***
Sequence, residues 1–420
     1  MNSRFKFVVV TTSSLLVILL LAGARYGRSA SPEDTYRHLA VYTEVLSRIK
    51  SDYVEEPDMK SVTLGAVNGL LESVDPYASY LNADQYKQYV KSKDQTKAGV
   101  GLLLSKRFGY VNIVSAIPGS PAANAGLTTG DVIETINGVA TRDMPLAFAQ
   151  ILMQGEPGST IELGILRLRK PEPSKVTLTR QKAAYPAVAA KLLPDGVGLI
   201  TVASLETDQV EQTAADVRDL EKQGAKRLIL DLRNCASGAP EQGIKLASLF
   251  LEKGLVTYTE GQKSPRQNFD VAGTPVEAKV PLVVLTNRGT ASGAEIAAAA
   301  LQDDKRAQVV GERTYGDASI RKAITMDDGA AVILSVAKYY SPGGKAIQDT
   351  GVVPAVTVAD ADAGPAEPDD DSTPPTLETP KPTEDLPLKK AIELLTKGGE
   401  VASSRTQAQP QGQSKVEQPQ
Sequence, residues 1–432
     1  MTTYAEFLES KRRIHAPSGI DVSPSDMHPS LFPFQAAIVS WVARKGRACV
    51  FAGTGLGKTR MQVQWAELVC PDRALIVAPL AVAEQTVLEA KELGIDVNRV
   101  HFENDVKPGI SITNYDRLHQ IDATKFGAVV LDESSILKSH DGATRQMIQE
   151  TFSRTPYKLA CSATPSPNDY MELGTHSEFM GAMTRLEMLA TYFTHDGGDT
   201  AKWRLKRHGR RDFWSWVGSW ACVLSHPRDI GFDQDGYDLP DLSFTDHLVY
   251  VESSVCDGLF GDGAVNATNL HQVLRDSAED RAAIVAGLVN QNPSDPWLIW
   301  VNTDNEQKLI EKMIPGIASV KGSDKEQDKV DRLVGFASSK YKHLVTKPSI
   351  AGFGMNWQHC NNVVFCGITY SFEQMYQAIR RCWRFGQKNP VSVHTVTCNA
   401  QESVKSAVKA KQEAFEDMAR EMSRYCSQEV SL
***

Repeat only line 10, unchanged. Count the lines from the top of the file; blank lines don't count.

   401  VASSRTQAQP QGQSKVEQPQ